NBC's upcoming 'Mail Order Family' is about a man who orders a Filipina mail-order bride
As Hollywood performers like Constance Wu are imploring TV networks to utilize more Asian talent to tell Asian-focused stories, NBC has greenlit the sitcom Mail Order Family about a white widower who orders a Filipina mail-order bride to help raise his daughters, Deadline reports.
Yes, you read that correctly.
The show is being produced by Jackie Clarke and Ruben Fleishcer, the duo behind NBC's Superstore. According to Deadline, Mail Order Family is loosely based on Clarke's own familial experiences growing up.
Perhaps predictably, many people have not reacted well to the news on Twitter:
The entertainment blog Nerds of Color has since spoken out against Mail Order Family, claiming the show makes light of human trafficking.
"It is endorsing the concept of mail order brides and marketing it as a positive characteristic of a 'kooky' family," the post reads. "Human trafficking of a woman to be married off to a man she doesn't know should not be a laughing matter."
Clarke previously told her family's story — which inspired the show — for the PBS radio program This American Life. It sounds like a laugh riot:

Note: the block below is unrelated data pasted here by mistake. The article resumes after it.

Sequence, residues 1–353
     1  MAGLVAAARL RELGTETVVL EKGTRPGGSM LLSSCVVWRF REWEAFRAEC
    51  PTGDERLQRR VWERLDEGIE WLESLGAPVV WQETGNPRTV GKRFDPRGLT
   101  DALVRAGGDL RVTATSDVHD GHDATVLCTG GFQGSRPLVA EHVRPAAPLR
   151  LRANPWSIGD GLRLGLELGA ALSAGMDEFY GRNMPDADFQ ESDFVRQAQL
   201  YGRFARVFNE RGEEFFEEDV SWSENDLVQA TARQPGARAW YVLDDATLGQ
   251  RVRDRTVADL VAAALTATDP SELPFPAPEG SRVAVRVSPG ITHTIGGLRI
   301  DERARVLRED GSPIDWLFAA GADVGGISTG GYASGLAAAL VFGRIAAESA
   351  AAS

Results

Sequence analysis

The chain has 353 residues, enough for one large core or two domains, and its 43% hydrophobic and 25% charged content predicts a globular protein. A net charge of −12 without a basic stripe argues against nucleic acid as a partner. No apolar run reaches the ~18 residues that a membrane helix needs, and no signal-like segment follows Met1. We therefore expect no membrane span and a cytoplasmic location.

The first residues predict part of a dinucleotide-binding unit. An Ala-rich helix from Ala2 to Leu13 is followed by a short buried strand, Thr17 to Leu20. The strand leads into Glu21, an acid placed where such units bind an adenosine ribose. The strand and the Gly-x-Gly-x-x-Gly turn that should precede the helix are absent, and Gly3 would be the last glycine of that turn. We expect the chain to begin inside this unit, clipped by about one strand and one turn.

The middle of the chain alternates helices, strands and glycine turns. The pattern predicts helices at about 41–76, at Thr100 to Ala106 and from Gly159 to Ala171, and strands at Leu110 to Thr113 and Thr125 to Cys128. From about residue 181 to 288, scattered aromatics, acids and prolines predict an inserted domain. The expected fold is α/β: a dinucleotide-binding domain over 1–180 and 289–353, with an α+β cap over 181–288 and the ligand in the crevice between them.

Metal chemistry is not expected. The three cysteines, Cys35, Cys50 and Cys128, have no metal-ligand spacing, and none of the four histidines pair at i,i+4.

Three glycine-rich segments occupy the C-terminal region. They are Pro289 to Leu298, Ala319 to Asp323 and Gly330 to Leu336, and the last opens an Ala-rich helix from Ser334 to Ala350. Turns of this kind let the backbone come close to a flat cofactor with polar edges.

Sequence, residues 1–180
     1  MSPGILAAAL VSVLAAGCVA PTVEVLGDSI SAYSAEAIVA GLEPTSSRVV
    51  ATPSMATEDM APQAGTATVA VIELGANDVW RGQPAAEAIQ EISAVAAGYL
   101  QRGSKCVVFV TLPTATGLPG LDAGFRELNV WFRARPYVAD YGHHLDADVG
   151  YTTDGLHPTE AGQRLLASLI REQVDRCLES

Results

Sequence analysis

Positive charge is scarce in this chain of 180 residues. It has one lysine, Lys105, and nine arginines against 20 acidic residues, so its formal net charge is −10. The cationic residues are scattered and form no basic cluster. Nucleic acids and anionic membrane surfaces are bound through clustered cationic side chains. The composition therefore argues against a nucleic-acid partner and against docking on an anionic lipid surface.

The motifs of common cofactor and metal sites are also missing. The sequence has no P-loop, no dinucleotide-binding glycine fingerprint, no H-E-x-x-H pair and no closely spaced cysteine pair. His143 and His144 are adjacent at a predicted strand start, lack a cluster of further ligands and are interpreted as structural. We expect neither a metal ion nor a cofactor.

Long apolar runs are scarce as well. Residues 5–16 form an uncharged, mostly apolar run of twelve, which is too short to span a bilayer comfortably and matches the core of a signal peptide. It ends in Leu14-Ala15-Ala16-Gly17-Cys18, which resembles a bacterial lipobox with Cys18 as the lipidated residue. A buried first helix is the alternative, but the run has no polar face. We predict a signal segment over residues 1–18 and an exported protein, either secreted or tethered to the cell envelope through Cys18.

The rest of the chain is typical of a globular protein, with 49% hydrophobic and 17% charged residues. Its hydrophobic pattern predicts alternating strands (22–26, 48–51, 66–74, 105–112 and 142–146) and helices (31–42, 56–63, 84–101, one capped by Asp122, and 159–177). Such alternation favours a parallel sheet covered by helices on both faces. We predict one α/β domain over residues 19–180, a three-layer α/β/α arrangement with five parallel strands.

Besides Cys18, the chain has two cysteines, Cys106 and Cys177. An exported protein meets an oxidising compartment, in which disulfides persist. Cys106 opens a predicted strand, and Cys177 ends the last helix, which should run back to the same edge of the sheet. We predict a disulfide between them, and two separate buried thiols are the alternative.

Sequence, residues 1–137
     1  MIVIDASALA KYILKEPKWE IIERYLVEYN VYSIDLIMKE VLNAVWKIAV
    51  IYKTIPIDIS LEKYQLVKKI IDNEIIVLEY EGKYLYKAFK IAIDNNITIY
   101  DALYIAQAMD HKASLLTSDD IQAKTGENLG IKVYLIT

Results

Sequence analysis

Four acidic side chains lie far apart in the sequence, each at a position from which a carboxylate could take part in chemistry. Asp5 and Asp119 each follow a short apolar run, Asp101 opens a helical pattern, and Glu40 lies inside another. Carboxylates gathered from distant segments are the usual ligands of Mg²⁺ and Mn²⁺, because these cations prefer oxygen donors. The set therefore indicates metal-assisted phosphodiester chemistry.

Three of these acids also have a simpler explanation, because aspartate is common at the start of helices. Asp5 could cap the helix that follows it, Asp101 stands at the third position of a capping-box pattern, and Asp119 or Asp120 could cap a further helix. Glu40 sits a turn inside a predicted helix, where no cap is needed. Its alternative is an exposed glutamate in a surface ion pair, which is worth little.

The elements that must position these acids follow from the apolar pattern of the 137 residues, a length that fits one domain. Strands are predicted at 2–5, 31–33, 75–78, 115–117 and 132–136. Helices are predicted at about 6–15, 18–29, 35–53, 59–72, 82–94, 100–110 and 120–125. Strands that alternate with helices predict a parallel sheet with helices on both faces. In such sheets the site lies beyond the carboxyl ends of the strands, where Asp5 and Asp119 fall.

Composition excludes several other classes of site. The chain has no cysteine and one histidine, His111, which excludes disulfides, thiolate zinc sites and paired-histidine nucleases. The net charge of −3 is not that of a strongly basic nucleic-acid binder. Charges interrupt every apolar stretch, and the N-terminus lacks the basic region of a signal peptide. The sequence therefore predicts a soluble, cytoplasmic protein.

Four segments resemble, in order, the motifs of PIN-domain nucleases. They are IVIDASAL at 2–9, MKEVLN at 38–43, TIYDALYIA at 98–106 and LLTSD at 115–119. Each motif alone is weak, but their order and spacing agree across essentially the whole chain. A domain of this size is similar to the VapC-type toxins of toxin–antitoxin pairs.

"It wasn't that Pora didn't like me, she just had no desire to be a mother to me," Clarks said. "His marriage to Pora was never a good one. It was basically hellish fighting followed by silent treatments."
On Friday, September 30, NBC officially nixed production of the show after internet backlash to its concept.
NBC greenlit Mail Order Family amid growing scrutiny of the lack of Asian representation on TV. While accepting his Emmy for writing Master of None earlier this month, Alan Yang spoke about the importance of including Asian stories in the media landscape — and, more importantly, the need for Asian-Americans to work behind the scenes.
"There's 17 million Asian-Americans in this country, and there's 17 million Italian Americans," Yang said. "They have The Godfather, Goodfellas, Rocky, The Sopranos. We've got Long Duk Dong."
Oct. 1, 2016, 12:16 p.m.: This story has been updated.